As part of CBSR’s “Do Business Like a Canadian” campaign, they interviewed Enbridge, a Canadian company who has become a leader in today’s global energy industry. Linda Coady, Enbridge’s Chief Sustainability Officer, moderated last year’s Executive Roundtable. Leor Rotchild, Executive Director of CBSR, will be hosting this year’s Executive Roundtable.
“There is a pressing need for the big transformative ideas that can dramatically move the dial and, at the same time, the more nimble ones that enable everyday change in the right direction.”
Linda Coady – Chief Sustainability Officer, Enbridge Inc. (at the 2017 Executive Roundtable)
At Enbridge, moving toward a low-carbon energy future is about more than just growing the company’s already sizeable investments in renewable energy and electrical transmission. It also means considering the big picture on greenhouse gas (GHG) emissions reduction across some of North America’s largest transportation and distribution systems for oil and natural gas. In 2016 Enbridge adopted a new climate policy that mandates all of its different business units to develop and implement multi-year plans and goals for carbon reduction and energy efficiency.
Integrating the potential risks and opportunities from current and emerging carbon pricing policies, building codes and efficiency mandates, among other inputs from both Canada and the US, takes significant time and attention. For example, Enbridge’s natural gas utilities – Enbridge Gas Distribution and Union Gas – are involved in demand side management programs in which they must work within their respective regulatory frameworks to reduce greenhouse gas emissions.
So how does an enterprise transition to a lower carbon future, and develop climate goals and strategies?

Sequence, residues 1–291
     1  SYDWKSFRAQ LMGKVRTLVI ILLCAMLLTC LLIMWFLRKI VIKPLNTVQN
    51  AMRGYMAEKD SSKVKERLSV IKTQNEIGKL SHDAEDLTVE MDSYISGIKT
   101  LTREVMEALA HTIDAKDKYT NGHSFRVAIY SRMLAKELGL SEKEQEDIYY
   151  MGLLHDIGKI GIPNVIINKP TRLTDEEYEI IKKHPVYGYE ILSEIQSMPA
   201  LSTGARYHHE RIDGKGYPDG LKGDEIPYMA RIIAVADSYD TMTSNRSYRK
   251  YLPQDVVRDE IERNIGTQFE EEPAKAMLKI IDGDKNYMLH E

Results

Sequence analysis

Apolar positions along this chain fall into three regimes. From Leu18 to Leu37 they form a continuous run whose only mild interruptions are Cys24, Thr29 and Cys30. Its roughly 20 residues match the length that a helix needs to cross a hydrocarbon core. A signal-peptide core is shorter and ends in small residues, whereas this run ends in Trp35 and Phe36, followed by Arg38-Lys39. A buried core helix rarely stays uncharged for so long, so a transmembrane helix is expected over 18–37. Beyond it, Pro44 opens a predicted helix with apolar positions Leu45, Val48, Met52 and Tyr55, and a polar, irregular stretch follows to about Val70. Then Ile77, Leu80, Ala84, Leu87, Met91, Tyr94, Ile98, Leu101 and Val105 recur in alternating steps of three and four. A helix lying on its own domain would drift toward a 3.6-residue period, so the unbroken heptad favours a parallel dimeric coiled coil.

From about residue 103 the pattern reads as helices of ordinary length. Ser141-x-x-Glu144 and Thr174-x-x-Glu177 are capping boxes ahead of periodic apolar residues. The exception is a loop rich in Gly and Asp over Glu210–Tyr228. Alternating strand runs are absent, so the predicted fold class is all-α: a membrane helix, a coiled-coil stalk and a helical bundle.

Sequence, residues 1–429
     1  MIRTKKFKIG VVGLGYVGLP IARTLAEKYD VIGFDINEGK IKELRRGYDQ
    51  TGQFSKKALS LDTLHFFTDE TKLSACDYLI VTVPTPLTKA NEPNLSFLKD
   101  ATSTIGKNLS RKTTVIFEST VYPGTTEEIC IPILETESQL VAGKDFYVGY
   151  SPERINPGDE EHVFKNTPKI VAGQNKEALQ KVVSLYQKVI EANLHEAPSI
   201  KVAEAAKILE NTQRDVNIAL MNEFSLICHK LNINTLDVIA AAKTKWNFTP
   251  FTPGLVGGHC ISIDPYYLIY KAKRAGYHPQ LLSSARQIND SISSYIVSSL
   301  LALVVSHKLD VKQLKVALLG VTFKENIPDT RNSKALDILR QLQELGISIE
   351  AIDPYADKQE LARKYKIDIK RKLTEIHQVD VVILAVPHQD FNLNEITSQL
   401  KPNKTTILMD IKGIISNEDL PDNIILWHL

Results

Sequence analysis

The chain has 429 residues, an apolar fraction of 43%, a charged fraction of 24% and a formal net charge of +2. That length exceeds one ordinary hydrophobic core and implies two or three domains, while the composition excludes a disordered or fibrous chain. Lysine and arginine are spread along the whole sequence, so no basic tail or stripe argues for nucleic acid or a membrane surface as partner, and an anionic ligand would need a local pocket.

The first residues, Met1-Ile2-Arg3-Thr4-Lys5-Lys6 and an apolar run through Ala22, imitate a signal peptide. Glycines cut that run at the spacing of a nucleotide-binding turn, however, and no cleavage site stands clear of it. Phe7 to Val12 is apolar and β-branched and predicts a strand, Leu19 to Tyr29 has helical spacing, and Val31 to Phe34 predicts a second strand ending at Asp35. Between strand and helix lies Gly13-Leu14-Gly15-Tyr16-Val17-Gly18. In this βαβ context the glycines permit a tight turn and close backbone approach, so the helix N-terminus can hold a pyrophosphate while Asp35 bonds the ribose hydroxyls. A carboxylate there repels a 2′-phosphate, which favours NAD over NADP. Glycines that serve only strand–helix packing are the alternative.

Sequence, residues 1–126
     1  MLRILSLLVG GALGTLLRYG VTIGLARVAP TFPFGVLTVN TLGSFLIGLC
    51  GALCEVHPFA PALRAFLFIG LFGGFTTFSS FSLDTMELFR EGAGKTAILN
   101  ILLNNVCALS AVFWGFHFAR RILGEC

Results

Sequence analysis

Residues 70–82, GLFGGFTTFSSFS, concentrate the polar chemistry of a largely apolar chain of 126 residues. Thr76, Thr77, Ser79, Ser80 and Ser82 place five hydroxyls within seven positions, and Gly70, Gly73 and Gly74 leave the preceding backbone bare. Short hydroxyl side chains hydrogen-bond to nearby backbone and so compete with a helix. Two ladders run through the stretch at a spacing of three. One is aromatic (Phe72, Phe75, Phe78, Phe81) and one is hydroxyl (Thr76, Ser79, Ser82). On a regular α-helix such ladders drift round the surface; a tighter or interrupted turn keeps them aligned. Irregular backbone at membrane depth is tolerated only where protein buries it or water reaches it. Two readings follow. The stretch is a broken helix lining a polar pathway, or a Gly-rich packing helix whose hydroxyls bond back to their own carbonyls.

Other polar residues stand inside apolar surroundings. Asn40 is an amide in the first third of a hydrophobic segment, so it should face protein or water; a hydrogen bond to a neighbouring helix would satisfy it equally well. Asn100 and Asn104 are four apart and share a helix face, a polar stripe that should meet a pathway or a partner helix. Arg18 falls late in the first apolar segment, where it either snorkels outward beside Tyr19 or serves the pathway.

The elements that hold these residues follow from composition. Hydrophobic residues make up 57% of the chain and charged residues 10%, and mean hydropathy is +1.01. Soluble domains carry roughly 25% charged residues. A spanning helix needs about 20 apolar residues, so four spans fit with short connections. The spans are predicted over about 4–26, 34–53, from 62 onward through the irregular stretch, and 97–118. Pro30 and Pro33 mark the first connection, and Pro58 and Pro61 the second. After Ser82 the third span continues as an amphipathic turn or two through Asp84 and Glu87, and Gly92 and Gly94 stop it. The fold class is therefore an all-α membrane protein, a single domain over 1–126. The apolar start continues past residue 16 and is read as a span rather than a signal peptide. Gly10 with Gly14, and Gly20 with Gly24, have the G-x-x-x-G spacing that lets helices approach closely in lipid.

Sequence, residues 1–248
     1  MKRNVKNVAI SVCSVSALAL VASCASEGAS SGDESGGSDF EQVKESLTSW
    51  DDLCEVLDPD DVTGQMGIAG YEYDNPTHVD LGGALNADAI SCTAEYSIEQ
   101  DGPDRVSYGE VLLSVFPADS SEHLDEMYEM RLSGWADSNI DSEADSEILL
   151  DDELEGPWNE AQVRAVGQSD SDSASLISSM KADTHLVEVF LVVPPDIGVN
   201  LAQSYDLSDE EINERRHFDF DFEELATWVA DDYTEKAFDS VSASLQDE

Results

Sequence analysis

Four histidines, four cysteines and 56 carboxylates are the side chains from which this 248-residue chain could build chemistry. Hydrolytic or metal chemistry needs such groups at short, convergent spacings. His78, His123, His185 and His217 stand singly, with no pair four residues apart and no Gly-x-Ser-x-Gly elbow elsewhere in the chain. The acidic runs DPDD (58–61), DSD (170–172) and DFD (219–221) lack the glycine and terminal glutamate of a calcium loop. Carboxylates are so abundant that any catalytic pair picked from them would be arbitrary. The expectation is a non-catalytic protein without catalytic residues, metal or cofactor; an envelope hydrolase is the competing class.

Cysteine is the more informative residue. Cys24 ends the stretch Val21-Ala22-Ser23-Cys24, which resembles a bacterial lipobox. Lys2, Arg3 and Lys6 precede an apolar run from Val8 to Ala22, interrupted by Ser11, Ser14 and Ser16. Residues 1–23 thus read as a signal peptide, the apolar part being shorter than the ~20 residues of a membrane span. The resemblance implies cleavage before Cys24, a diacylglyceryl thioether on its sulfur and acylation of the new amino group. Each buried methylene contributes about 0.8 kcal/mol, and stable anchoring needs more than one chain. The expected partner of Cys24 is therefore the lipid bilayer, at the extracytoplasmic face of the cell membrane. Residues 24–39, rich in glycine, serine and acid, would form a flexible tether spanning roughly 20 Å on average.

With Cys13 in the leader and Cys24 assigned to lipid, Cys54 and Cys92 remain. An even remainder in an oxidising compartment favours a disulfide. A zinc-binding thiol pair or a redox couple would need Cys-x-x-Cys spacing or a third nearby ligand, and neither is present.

Enbridge put together a sustainability team that works closely with each of the company’s business units to develop their carbon and energy performance plans. Driven by the objective to reduce Enbridge’s carbon footprint and improve the company’s energy efficiency, the sustainability team is collaborating with business units to develop plans and goals specific to their current and proposed operations and facilities, focusing on the unique circumstances of each individual business unit.
Advice for Other Companies
The sustainability team shared some advice for other companies who are looking to undertake their own company-wide energy efficiency targets.
- Gain executive leadership support. It is essential that top-level leaders are on board with setting realistic goals. Some business units may need capital to adjust their regular programs or integrate new processes to achieve their goals, and the company needs to be in a position where senior executives support these efforts.
- Elect a champion. Each of Enbridge’s business units has a “champion” for goal-setting efforts. This gives the business units accountability for their successes, and a representative from the business unit instead of executive leadership helps to motivate the team.
- Facilitate collaboration and ownership. Allowing the business units to set their own goals and objectives using a bottom-up approach – instead of imposing them from the top-down – encourages teams to work together and take true ownership of their work. This creates high levels of buy-in from the members of these teams. Makkinga, Suta and Talwar are instrumental in this initiative through their coaching and consultation and by providing Enbridge’s business units with new tools to evaluate costs and benefits of different approaches to carbon reduction and energy efficiency.
Enbridge’s purpose is to provide North Americans with the energy they want and need. The company believes that its commitment to emissions reduction and supporting the transition to a lower carbon future provides a unique opportunity to remain competitive and adaptable as the company responds to changing consumer and societal expectations.